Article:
Collomia linearis Nutt.
Family - Polemoniaceae
Stem - Erect, to 60 cm, pubescent with fine hairs especially toward tip.
Leaves - Alternate, simple, entire, sessile, with single midvein. Lower leaves linear to lanceolate. Upper stem leaves lanceolate to ovate, pointed at tip, bases somewhat clasping. Abaxial surface with short, often glandular hairs along midvein.
Stem and leaves.
Inflorescences - Terminal and axillary, headlike clusters surrounded by leafy bracts.
Calyx - 5-lobed to about midpoint, 4-7 mm long at flowering, elongating at fruiting, narrowly bell-shaped. Calyx lobes triangular, glandular-hairy.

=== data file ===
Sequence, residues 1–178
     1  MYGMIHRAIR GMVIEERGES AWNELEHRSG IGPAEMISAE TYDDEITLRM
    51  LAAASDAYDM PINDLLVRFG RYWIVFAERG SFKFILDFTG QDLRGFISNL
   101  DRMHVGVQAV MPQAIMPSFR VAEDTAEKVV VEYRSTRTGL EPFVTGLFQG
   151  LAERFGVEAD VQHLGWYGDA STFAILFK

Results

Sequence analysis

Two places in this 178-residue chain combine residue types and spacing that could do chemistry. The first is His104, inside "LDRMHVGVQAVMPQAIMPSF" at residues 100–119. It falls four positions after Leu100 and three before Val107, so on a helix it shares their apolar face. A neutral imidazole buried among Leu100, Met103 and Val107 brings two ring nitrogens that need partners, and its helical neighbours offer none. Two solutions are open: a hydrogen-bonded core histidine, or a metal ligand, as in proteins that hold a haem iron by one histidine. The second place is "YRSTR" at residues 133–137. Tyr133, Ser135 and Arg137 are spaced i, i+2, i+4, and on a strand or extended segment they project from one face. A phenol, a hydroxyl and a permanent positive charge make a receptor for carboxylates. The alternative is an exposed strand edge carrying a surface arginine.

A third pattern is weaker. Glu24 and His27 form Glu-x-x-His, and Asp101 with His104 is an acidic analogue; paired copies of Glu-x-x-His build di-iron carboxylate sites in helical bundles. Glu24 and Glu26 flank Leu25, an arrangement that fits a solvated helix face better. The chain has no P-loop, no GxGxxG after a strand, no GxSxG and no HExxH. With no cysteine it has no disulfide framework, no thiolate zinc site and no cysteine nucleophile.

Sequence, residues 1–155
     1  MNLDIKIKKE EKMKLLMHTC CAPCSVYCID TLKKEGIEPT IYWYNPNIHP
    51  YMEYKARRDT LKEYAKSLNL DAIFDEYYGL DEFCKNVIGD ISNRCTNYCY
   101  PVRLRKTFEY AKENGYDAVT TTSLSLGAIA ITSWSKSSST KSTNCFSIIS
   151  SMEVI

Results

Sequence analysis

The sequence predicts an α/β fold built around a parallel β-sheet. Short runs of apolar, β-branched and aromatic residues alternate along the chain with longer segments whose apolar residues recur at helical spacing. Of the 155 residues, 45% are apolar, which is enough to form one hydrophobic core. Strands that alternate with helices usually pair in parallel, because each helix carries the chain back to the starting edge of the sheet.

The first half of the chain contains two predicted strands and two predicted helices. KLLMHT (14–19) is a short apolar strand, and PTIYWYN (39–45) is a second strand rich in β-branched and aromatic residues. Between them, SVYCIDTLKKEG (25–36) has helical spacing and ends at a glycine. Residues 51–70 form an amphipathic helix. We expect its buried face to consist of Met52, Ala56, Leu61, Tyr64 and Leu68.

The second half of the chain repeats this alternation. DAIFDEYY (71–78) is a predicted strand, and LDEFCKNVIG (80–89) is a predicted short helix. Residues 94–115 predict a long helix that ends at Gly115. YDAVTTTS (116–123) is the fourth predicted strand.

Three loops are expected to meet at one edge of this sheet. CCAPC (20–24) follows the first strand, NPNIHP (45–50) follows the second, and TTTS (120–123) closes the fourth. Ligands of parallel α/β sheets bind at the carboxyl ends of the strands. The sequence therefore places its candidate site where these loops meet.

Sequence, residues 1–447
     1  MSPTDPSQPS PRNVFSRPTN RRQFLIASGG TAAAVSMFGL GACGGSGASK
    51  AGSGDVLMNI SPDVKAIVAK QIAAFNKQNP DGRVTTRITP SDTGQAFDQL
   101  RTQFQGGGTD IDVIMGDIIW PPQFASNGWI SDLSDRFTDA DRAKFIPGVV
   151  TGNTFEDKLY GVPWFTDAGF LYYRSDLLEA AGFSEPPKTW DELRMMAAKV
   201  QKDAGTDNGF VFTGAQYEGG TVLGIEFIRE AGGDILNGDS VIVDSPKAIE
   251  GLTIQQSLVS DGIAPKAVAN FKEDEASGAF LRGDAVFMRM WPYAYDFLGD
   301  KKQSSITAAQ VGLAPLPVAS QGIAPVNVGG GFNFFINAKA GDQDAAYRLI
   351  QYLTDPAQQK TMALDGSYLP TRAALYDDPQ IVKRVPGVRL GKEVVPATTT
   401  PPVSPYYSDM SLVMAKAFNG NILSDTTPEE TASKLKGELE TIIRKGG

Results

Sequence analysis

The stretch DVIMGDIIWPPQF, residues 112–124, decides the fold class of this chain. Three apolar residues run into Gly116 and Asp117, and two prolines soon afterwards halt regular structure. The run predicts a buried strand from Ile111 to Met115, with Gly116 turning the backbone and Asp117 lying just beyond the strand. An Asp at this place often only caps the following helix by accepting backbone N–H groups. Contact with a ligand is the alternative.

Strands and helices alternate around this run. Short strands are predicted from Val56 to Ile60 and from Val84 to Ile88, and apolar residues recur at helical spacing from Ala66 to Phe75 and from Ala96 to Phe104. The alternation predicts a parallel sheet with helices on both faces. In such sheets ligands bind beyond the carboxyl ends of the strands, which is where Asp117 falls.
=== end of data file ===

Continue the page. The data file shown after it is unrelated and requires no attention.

Corolla - 5-lobed, white to pink, trumpet-shaped. Tube 8-15 mm long, lobes 1-4 mm long. Stamens unequal. Anthers mostly included.
Flowering - May - August.
Habitat - Pastures, open disturbed areas.
Origin - Native to the western U.S.
Other info. - This inconspicuous sibling to the phloxes is very rare in Missouri, possibly no longer occurring in the state at all. The plant is only known in Missouri from a single historical collection, in Marion County in 1918. It can be easily recognized by its tubular phlox-like flowers, alternate leaves, and generally diminutive appearance.
Photographs taken along the Little Muddy Creek, southwest of Bear Mountain, CO, 6-26-2018 (SRTurner).